Tata Mutual Fund: IT spending narrative remains strong, says Tata Mutual Fund’s Meeta Shetty

What happens to IT funds? You can hear this question a lot these days. May investors, especially new ones, started to bet on these schemes dedicated to the technology sector, during the covid years. Shivani Bazaz from ETMutulFunds contacted Meeta Shetty, Principal Analyst and Fund Manager, Tata Mutual Fund, to find out what’s happening in the sector and what to expect for investors. “The IT sector has seen a strong recovery from covid and has been one of the best performing sectors. The sector has also seen a significant revaluation thanks to strong growth prospects for the sector,” Shetty said.
Interview edited.


What happened to the tech sector? Investors in IT funds are asking themselves this question these days. Simply put, why are these programs broken?
The IT sector has seen a strong recovery post covid and has been one of the best performing sectors. The sector has also seen a significant revaluation thanks to strong growth prospects for the sector. India’s IT sector growth was in the single digits between fiscal 2017 and 2020, but is now experiencing strong double-digit growth since the pandemic. Over the past few months, however, we are seeing some consolidation in the sector and the sector has been in a tight range for the past six months. The sector has always been a marginal outperformer compared to the broader markets over the same period.

Tech funds became investor favorites in the covid years as the sector was expected to benefit from the online transition. Was it a false promise?
The IT spending narrative remains strong and can be seen in earnings and commentary from global IT services majors. Technology spending on data from major global banks also validates the industry’s strong growth momentum. The BFSI sector is the largest technology spender in the world with a share of around 40% of spending on IT services, making it a good indicator of the outlook. The growth of cloud providers also remains strong, which is another leading indicator of growth in spending on IT services. Overall, we see no signs of slowing down, but global issues such as rising interest rates, rising inflation and geopolitical scenario continue to worsen, this may lead to delays or spending cuts in the future.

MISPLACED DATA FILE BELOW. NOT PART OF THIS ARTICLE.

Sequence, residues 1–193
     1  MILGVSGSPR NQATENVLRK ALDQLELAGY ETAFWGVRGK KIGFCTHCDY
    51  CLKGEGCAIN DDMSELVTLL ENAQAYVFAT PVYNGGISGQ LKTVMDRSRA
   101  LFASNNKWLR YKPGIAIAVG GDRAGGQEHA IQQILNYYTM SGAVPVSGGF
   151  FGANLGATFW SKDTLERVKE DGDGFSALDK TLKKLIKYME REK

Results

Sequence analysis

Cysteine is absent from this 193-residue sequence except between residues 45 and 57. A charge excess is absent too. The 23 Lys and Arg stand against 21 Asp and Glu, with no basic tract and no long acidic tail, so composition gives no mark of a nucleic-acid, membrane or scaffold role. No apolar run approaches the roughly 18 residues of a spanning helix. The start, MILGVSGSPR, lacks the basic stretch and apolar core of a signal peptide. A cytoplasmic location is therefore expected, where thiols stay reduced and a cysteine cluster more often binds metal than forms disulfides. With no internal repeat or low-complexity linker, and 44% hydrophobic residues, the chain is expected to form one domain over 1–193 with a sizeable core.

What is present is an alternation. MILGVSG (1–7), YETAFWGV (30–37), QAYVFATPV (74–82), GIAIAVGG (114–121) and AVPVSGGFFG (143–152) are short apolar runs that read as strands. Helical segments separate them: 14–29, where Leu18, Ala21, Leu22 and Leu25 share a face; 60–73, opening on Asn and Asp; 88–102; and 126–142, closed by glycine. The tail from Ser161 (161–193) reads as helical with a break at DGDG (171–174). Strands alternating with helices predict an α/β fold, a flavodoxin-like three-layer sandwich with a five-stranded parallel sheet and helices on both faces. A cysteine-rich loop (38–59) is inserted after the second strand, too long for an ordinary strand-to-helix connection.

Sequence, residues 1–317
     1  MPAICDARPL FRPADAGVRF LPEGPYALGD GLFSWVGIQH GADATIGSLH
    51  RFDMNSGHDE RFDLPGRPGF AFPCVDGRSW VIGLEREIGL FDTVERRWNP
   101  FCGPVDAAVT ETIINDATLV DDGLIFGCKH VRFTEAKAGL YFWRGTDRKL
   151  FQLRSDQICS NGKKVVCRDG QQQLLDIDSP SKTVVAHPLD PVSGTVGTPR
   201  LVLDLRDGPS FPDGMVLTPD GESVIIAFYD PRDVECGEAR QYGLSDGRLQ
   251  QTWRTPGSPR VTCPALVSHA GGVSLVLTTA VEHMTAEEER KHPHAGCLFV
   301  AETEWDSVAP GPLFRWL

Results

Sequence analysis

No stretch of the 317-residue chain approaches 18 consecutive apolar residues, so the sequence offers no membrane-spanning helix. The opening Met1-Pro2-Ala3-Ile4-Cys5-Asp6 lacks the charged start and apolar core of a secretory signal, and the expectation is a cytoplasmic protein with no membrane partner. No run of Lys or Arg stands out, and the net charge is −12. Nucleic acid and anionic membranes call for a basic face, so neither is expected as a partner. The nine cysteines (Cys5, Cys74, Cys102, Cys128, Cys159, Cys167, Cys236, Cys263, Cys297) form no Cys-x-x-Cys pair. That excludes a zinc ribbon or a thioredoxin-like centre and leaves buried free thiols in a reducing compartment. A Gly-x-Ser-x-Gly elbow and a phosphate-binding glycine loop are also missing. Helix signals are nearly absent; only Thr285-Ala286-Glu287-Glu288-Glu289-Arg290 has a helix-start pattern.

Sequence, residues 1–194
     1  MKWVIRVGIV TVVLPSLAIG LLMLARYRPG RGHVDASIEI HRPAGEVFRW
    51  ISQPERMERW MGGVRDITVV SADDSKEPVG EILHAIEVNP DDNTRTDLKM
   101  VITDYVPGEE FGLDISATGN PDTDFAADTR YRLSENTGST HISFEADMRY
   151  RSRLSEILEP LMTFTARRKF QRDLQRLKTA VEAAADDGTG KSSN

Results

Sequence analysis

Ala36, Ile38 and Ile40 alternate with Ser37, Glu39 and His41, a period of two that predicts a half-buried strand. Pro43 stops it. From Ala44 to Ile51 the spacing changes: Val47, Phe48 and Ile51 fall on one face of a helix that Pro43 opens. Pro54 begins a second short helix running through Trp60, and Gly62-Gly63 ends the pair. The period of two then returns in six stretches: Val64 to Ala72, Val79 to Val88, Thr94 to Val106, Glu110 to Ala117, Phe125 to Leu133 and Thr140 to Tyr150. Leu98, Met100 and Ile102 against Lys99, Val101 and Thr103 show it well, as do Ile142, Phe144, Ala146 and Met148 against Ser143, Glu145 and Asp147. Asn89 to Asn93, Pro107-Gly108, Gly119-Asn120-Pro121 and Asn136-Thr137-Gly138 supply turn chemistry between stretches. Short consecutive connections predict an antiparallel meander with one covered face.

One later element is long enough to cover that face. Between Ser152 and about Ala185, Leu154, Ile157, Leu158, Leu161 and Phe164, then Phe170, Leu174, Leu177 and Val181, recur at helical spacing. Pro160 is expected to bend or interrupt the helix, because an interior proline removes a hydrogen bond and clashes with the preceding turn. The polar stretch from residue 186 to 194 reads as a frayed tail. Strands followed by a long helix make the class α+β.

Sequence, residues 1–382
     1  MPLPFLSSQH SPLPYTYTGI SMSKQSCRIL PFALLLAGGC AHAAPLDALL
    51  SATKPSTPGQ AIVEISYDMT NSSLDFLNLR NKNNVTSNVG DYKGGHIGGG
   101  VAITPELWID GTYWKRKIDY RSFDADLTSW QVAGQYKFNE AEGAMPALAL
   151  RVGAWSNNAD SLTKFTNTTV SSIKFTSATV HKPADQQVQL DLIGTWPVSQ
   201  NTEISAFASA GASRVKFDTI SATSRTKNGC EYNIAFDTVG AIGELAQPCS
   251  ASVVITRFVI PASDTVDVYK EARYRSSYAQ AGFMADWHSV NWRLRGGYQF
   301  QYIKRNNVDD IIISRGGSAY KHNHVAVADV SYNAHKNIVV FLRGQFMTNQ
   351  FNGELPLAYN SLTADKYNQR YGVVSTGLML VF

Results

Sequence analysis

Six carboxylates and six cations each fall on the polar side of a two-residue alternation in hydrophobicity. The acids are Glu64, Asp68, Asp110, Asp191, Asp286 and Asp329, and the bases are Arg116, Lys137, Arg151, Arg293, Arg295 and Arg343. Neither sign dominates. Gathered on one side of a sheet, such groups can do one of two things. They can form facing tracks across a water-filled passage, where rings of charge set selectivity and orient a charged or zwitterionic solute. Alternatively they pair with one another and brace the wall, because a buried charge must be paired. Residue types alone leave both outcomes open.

IT funds have become evergreen funds as these schemes have shown consistent returns. What is the outlook for the sector?
The pandemic has brought to the fore the need to go digital. Digital adoption has surged and is expected to remain high for the next few years. Leading market research organizations expect global IT spending to grow at ~8% CAGR for the next 3 years from ~4% growth in the years before the pandemic. India has the largest base of quality IT talent in the world and overseas-based companies have the best access to this talent. Additionally, deep expertise, presence in technologies such as cloud and digital across multiple domains and best-in-class execution make India well-suited to enable holistic digital transformation for clients. Hence, the Indian IT industry has witnessed a growth multiplier of around 1.3 to 1.5 times compared to the global market in the past.

Many new investors have bet on IT funds. What is your advice for them?
Looking to the future, we see the world becoming more digitized over the next few years and, in turn, providing growth opportunities for the Indian IT sector. We also foresee plenty of native opportunities in the form of new business models and segments, as India is just on the cusp of technological transformation. But the sector has also seen a significant revaluation and is trading at a significant premium to its 10-year average.

Tata Digital India Fund is among the best in the technology sector. What is your strategy?
The strategy is to have a healthy mix of stable compounds and alpha-generating opportunities based on growth and value. There may be times when the portfolio may be skewed towards one or the other of the tranches, depending on the outlook and valuations. During the pandemic era, we saw alpha opportunities in the small space and began to position ourselves accordingly. As these opportunities turned out well, it didn’t just help us generate alpha for our investors.

Dolores W. Simon